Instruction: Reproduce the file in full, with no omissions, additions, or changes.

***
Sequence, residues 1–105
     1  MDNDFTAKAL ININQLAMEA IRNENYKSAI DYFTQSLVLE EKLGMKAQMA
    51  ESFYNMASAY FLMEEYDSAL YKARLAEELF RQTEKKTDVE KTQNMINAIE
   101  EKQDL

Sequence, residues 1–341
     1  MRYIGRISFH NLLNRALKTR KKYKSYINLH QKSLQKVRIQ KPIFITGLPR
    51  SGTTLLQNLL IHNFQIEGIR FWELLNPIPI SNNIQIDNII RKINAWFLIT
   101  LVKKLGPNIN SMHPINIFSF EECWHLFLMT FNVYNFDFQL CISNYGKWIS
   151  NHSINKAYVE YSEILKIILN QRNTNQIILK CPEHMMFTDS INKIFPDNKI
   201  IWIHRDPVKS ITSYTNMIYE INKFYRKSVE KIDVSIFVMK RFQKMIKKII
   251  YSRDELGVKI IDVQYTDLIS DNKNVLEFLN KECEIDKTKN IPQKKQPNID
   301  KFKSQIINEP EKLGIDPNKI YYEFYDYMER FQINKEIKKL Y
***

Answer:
Sequence, residues 1–105
     1  MDNDFTAKAL ININQLAMEA IRNENYKSAI DYFTQSLVLE EKLGMKAQMA
    51  ESFYNMASAY FLMEEYDSAL YKARLAEELF RQTEKKTDVE KTQNMINAIE
   101  EKQDL

Sequence, residues 1–341
     1  MRYIGRISFH NLLNRALKTR KKYKSYINLH QKSLQKVRIQ KPIFITGLPR
    51  SGTTLLQNLL IHNFQIEGIR FWELLNPIPI SNNIQIDNII RKINAWFLIT
   101  LVKKLGPNIN SMHPINIFSF EECWHLFLMT FNVYNFDFQL CISNYGKWIS
   151  NHSINKAYVE YSEILKIILN QRNTNQIILK CPEHMMFTDS INKIFPDNKI
   201  IWIHRDPVKS ITSYTNMIYE INKFYRKSVE KIDVSIFVMK RFQKMIKKII
   251  YSRDELGVKI IDVQYTDLIS DNKNVLEFLN KECEIDKTKN IPQKKQPNID
   301  KFKSQIINEP EKLGIDPNKI YYEFYDYMER FQINKEIKKL Y